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Sales of newly built homes fall 16% in April as prices soar


According to U.S. Census, sales of new homes fell 16.6% from March and dropped 26.9% in April.

According to seasonally adjusted data, the annualized rate stood at 591,000 units. Analysts expected 750,000. Also, March’s reading was revised down.

This is the lowest sales rate since April 2020 when all was shut down. the Covid pandemic. As Americans searched for larger houses with ample outdoor areas to quarantine, their sales increased quickly.

This indicator is the most current in the market because it uses signed contracts for the month and not closings. The April increase in mortgage rates was the most significant, after rising steadily since January. According to Mortgage News Daily, the average 30-year fixed rate started the month at 4.8% and finished at 5.41 percent.

Rising interest rates are causing consumers to be hit with four-decades-high inflation. This is making it harder to purchase homes today at current prices. A median sale price for a home in April was $450,000. This represents a nearly 20% increase over the previous year.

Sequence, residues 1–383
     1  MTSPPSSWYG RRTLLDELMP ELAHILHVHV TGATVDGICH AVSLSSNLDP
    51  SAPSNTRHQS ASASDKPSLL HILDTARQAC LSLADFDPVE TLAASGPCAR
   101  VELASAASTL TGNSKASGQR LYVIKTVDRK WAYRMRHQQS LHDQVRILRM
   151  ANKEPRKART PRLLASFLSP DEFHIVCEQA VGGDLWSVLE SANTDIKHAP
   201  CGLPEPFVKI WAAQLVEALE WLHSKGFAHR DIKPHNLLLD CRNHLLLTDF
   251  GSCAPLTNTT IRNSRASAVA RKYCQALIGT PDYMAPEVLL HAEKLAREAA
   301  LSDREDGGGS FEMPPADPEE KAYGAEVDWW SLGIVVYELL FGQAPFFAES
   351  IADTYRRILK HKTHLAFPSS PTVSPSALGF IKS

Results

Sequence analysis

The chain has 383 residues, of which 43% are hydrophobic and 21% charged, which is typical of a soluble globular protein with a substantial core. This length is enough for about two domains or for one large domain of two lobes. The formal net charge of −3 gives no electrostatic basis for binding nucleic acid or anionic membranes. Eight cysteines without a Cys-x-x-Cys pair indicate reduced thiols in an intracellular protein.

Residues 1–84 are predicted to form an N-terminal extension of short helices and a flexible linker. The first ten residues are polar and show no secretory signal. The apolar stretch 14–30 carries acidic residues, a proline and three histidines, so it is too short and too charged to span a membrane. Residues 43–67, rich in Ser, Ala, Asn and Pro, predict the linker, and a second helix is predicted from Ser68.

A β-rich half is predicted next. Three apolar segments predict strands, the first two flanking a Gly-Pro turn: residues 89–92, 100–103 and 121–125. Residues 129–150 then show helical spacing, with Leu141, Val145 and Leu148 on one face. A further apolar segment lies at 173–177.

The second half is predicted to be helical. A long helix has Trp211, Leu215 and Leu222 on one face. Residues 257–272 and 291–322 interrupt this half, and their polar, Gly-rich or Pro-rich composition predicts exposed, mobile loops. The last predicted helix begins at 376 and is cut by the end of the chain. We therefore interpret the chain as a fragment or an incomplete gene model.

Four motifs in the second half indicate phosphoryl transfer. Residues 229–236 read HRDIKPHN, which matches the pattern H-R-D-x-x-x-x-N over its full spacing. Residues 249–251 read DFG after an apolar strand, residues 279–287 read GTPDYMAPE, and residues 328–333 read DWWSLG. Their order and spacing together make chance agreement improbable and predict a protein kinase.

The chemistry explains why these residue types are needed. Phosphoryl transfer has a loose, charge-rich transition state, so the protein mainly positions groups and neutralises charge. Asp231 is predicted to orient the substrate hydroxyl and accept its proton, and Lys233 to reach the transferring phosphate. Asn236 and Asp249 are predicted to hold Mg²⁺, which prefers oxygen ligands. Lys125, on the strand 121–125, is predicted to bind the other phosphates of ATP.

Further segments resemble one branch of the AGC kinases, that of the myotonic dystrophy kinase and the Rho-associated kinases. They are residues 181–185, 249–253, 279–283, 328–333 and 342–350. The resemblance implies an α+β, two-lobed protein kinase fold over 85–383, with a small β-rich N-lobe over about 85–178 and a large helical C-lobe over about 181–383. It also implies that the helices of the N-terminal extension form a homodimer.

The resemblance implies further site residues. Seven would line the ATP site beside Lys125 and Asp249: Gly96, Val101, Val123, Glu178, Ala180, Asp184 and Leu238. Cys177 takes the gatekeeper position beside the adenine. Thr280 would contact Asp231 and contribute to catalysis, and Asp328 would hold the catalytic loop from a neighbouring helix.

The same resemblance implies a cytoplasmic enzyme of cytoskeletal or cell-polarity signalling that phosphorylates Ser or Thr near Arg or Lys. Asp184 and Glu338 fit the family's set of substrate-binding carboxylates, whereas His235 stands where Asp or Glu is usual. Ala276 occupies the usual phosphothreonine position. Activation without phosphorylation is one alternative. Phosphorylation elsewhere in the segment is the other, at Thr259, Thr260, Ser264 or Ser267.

The lack of available homes to buy has made new construction popular with buyers for the past 2 years. However, many are being priced out by rising prices. As rising inflation takes a larger chunk of Americans’ paychecks, and surging borrowing prices are pushing homebuyers’ wallets to the limit, “the market for new homes mirrors broader real-estate trends.”

The market is experiencing a sharp pullback in the demand. In fact, housing starts have been declining over the last few months. The inventory of new homes was able to rise sharply due to slower sales, reaching a nine month supply. A six month supply is usually considered to be balanced by buyer and seller.

Also, builders are beginning to notice an increase in cancellation rates. Analysts who track builders start to see an increase in cancellation rates, although they haven’t yet been reported in earnings releases.